Debugging is twice as hard as writing the code in the first place. Therefore, if you write the code as cleverly as possible, you are, by definition, not smart enough to debug it.
- Brian W. Kernighan [computer scientist]
Basic Principles - no woman wakes up saying "God, I hope I don't get swept off my feet today!"
- Hitch [in the movie]
Faith is believing things you know aren't true.
- Mark Twain
Ice-cream is exquisite - what a pity it isn't illegal.
All censorships exist to prevent anyone from challenging current conceptions and existing institutions. All progress is initiated by challenging current concepts, and executed by supplanting existing institutions. Consequently the first condition of progress is the removal of censorships. There is the whole case against censorships in a nutshell.
- George Bernard Shaw [ in The Author's Apology (preface to "Mrs Warren's Profession")]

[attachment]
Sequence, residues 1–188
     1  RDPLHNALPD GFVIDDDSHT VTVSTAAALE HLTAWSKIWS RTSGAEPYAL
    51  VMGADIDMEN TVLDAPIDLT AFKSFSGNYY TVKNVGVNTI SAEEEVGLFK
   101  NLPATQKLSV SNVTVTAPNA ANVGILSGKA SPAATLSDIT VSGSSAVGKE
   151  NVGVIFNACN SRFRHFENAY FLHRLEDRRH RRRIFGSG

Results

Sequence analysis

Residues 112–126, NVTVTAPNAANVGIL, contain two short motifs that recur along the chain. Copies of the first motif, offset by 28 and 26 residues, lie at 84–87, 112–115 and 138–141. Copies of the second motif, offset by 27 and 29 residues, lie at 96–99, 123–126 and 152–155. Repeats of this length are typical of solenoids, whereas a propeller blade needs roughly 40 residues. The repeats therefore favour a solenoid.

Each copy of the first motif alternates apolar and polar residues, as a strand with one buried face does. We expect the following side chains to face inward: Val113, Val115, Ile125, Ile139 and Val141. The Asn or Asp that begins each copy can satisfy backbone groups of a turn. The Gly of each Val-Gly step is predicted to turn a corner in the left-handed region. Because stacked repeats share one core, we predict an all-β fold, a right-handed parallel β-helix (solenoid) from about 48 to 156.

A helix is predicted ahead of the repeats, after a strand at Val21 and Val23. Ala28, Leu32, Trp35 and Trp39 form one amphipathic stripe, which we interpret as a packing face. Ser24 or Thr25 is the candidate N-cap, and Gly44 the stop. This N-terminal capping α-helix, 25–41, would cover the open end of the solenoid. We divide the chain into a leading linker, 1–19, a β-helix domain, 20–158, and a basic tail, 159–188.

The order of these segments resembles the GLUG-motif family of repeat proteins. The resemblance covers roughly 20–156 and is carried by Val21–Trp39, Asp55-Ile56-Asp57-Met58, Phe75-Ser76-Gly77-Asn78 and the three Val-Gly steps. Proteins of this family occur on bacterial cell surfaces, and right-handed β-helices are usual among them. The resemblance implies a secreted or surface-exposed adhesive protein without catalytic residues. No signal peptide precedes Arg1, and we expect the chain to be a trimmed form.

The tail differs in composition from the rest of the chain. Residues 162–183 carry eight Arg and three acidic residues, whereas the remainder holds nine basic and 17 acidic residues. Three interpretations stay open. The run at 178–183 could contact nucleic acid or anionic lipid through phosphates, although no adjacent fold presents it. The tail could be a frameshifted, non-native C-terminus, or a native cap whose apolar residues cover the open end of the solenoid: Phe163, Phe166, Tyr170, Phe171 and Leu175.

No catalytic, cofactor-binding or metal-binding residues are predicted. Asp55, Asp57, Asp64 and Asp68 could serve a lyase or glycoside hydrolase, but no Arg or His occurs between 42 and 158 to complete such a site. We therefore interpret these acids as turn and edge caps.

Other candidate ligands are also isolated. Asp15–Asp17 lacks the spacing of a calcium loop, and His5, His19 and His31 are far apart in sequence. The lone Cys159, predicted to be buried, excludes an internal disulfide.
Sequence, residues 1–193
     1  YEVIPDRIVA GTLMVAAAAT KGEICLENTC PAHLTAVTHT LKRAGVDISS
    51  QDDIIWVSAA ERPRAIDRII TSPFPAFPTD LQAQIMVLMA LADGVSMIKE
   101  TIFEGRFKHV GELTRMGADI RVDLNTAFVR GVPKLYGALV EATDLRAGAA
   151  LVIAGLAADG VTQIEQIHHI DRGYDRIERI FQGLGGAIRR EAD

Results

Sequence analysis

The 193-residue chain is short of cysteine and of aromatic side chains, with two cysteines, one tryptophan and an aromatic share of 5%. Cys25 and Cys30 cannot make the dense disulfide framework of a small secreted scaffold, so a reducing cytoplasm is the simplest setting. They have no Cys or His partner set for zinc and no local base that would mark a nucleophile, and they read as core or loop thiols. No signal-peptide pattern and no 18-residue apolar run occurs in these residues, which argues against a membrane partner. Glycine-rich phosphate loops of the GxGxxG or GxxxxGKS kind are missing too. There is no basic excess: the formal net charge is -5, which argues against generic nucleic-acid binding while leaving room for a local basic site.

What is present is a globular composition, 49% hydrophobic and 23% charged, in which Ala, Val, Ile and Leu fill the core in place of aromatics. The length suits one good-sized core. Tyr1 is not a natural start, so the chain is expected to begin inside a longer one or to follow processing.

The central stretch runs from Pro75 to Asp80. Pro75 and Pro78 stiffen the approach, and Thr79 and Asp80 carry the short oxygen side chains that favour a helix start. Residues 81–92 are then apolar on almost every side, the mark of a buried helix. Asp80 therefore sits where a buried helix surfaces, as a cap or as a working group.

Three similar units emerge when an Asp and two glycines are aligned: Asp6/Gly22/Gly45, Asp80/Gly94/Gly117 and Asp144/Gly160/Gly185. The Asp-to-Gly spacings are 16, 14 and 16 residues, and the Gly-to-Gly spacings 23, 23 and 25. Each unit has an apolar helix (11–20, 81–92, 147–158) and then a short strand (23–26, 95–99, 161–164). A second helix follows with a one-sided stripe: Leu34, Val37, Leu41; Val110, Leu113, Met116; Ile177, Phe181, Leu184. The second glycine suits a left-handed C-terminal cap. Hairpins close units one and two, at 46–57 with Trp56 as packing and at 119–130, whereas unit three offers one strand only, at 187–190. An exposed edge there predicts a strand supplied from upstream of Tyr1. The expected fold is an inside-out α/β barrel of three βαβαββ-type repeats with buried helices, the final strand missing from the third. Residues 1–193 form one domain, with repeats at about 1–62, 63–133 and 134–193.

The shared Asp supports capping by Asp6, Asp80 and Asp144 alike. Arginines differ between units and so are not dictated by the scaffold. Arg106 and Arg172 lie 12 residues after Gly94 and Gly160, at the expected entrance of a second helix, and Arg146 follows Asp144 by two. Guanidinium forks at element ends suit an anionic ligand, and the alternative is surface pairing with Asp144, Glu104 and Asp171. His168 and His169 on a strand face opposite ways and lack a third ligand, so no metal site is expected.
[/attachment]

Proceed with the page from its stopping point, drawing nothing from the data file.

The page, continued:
For more than six hundred years — that is, since Magna Carta, in 1215 — there has been no clearer principle of English or American constitutional law, than that, in criminal cases, it is not only the right and duty of juries to judge what are the facts, what is the law, and what was the moral intent of the accused; but that it is also their right, and their primary and paramount duty, to judge the justice of the law, and to hold all laws invalid, that are, in their opinion, unjust or oppressive, and all persons guiltless in violating, or resisting the execution of, such law.
- Lysander Spooner [on Jury Nullification]